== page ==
Bloomer (town), Wisconsin

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Bloomer, Wisconsin
Bloomer is located in Wisconsin
Location within the state of Wisconsin
Coordinates: 45°9′48″N 91°28′52″W / 45.16333°N 91.48111°W / 45.16333; -91.48111Coordinates: 45°9′48″N 91°28′52″W / 45.16333°N 91.48111°W / 45.16333; -91.48111
Country United States
State Wisconsin
 • Total47.8 sq mi (123.8 km2)
 • Land47.1 sq mi (121.9 km2)
 • Water0.7 sq mi (1.9 km2)
1,114 ft (340 m)
 • Total1,050
 • Density22/sq mi (8.6/km2)
Time zoneUTC-6 (Central (CST))
 • Summer (DST)UTC-5 (CDT)
Area code(s)715 & 534
FIPS code55-017-08250
GNIS feature ID1582831
PLSS townshipT31N R9W and western 2 miles of T31N R8W

Bloomer is a town in Chippewa County in the U.S. state of Wisconsin. The population was 1,050 at the 2010 census,[1] up from 926 at the 2000 census. The city of Bloomer is also located in Chippewa County, but to the south of the town within the adjacent town of Woodmohr.


The town of Bloomer is a 6-by-8-mile (9.7 by 12.9 km) rectangle in northwestern Chippewa County. According to the United States Census Bureau, the town has a total area of 47.8 square miles (123.8 km2), of which 47.1 square miles (121.9 km2) is land and 0.73 square miles (1.9 km2), or 1.57%, is water.[1] Marsh-Miller Lake is in the eastern part of the town.


The 6-mile (9.7 km) squares that would become Bloomer were first surveyed in July 1847 by a crew working for the U.S. government. In September 1852, other crews marked all the section corners of the six mile squares, walking through the woods and wading the swamps, measuring with chain and compass.[2][3] When done, the deputy surveyor filed this general description of the western six miles:

This Township contains a large quantity of good Timber Pine Oaks & Sugar Maple are usually mixed throughout this Township. The Surface is mostly undulating (except a few small swamps) the Soil is light consisting of a few inches of Leaf mould with a gravell or rocky subsoil, Two small creeks head mostly in this Township &(?) run South.[4]


Historical population
Census Pop.
2020 (est.)1,1035.0%

As of the census[5] of 2000, there were 926 people, 321 households, and 246 families residing in the town. The population density was 19.7 people per square mile (7.6/km2). There were 335 housing units at an average density of 7.1 per square mile (2.7/km2). The racial makeup of the town was 99.57% White, 0.11% Native American, and 0.32% from two or more races. 0.22% of the population were Hispanic or Latino of any race.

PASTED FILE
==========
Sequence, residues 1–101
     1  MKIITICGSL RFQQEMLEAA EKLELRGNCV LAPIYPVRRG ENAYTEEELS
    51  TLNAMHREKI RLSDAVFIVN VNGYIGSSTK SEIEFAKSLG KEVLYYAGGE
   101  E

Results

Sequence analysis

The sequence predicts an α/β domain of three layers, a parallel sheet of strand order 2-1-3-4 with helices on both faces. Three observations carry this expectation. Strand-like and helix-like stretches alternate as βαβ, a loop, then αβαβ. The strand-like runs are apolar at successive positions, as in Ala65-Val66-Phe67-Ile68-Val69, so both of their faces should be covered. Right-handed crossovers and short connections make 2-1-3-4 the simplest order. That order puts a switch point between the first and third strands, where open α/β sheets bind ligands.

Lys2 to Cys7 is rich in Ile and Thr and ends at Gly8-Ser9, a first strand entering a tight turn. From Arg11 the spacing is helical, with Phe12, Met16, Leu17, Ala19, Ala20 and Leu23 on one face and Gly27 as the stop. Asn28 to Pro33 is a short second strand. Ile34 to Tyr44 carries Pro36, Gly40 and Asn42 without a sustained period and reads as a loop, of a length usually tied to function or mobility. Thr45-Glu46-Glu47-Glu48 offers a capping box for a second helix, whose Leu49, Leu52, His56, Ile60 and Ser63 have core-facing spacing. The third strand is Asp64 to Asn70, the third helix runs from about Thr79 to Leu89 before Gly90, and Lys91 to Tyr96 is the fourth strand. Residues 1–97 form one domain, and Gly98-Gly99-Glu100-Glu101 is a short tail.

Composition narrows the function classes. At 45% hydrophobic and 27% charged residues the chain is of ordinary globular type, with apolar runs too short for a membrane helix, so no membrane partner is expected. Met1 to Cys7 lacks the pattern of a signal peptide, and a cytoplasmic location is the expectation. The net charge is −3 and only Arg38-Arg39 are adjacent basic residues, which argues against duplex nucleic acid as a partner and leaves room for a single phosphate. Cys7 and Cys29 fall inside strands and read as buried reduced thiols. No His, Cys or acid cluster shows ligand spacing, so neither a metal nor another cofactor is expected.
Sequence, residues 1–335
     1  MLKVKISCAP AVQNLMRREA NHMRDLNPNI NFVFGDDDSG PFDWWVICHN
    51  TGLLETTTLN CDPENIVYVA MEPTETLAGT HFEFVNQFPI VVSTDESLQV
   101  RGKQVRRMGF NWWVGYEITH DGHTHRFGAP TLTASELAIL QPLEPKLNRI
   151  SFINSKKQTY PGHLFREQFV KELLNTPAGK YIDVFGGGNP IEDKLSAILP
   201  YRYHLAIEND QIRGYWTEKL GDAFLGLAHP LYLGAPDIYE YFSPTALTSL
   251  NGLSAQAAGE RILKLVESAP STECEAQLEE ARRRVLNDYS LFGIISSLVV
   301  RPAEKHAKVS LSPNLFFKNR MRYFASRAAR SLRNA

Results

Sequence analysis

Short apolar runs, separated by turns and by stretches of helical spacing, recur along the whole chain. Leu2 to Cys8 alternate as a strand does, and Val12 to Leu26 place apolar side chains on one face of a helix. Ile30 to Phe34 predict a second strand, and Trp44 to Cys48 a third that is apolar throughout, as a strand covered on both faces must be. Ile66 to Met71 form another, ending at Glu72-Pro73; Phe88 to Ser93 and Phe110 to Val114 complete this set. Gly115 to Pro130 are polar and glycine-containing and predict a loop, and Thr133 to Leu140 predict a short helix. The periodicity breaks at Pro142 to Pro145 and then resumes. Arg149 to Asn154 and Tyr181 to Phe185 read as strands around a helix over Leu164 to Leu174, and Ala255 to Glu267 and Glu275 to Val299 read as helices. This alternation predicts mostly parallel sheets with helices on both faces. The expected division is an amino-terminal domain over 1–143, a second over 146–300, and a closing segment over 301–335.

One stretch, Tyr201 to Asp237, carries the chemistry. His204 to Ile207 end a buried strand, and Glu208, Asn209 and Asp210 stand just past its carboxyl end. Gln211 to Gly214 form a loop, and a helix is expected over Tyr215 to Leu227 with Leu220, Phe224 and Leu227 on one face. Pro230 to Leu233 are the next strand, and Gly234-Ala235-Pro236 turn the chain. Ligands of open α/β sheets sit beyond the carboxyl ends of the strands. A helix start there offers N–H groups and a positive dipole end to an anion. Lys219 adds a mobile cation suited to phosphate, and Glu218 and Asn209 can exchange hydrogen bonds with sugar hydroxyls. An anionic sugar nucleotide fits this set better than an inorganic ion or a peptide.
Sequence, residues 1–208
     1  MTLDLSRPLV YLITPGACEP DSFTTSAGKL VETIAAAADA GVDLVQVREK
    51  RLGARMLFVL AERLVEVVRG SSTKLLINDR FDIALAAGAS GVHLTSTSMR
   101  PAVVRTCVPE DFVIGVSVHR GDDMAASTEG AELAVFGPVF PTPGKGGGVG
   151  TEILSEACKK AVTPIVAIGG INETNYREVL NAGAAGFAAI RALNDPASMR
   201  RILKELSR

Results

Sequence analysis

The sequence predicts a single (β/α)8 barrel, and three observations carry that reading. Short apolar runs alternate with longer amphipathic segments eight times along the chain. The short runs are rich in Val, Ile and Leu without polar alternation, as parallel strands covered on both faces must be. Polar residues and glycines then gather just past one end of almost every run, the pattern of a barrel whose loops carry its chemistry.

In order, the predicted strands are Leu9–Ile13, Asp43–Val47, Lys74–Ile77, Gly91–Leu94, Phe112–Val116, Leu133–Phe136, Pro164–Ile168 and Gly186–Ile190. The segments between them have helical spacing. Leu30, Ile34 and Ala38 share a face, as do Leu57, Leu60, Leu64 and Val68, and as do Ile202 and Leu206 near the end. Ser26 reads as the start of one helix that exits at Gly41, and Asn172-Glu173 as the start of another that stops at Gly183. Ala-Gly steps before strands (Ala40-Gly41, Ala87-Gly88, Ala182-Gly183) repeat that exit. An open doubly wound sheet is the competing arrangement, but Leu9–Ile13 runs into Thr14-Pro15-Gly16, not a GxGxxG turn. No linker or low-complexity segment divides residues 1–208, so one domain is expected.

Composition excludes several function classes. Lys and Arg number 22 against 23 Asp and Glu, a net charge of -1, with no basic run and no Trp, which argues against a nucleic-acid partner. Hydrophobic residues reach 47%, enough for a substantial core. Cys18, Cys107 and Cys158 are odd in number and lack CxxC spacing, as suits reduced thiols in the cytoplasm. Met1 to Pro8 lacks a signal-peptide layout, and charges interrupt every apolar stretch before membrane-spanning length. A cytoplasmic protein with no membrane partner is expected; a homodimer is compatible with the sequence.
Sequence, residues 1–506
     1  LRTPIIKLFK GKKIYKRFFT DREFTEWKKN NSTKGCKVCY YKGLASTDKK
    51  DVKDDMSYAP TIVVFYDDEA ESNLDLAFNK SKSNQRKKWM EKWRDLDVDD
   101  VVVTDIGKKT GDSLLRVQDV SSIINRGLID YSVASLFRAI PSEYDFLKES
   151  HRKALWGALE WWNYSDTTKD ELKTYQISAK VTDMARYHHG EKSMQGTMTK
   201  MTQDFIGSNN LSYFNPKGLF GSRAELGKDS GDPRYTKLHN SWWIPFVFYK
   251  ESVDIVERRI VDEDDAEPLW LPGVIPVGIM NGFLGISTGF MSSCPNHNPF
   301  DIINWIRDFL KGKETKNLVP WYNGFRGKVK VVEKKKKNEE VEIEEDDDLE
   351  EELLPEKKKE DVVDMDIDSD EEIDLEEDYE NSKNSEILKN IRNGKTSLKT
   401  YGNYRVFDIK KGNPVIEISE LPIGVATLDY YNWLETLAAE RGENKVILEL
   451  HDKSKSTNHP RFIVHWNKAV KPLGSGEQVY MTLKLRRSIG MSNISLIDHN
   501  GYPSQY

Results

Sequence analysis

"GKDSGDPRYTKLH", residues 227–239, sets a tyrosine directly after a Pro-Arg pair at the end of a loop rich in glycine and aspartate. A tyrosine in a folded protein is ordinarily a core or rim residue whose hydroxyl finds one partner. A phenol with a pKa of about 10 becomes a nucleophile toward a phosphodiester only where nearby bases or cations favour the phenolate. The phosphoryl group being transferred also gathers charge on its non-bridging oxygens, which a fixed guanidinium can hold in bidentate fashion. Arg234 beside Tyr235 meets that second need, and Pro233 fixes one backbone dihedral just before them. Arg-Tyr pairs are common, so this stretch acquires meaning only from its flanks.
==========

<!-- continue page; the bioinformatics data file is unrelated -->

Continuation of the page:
There were 321 households, out of which 38.3% had children under the age of 18 living with them, 67.6% were married couples living together, 4.7% had a female householder with no husband present, and 23.1% were non-families. 17.8% of all households were made up of individuals, and 5.6% had someone living alone who was 65 years of age or older. The average household size was 2.88 and the average family size was 3.29.

In the town, the population was spread out, with 30.5% under the age of 18, 7.8% from 18 to 24, 27.6% from 25 to 44, 24.1% from 45 to 64, and 10.0% who were 65 years of age or older. The median age was 36 years. For every 100 females, there were 105.8 males. For every 100 females age 18 and over, there were 101.9 males.

The median income for a household in the town was $40,057, and the median income for a family was $44,028. Males had a median income of $29,327 versus $24,615 for females. The per capita income for the town was $16,243. About 4.3% of families and 6.4% of the population were below the poverty line, including 9.8% of those under age 18 and 1.8% of those age 65 or over.


  1. ^ a b "Geographic Identifiers: 2010 Demographic Profile Data (G001): Bloomer town, Chippewa County, Wisconsin". U.S. Census Bureau, American Factfinder. Retrieved September 11, 2015.[dead link]
  2. ^ "Land Survey Information". Board of Commissioners of Public Lands. Retrieved 26 March 2011.
  3. ^ "Field Notes for T31N R9W". Original Field Notes and Plat Maps, 1833-1866. Board of Commissioners of Public Lands. Retrieved 20 April 2013.
  4. ^ Waldo, Horatio. "Interior Field Notes (Sept. 1852)". Board of Commissioners of Public Lands. Retrieved 2013-04-20.
  5. ^ "U.S. Census website". United States Census Bureau. Retrieved 2008-01-31.

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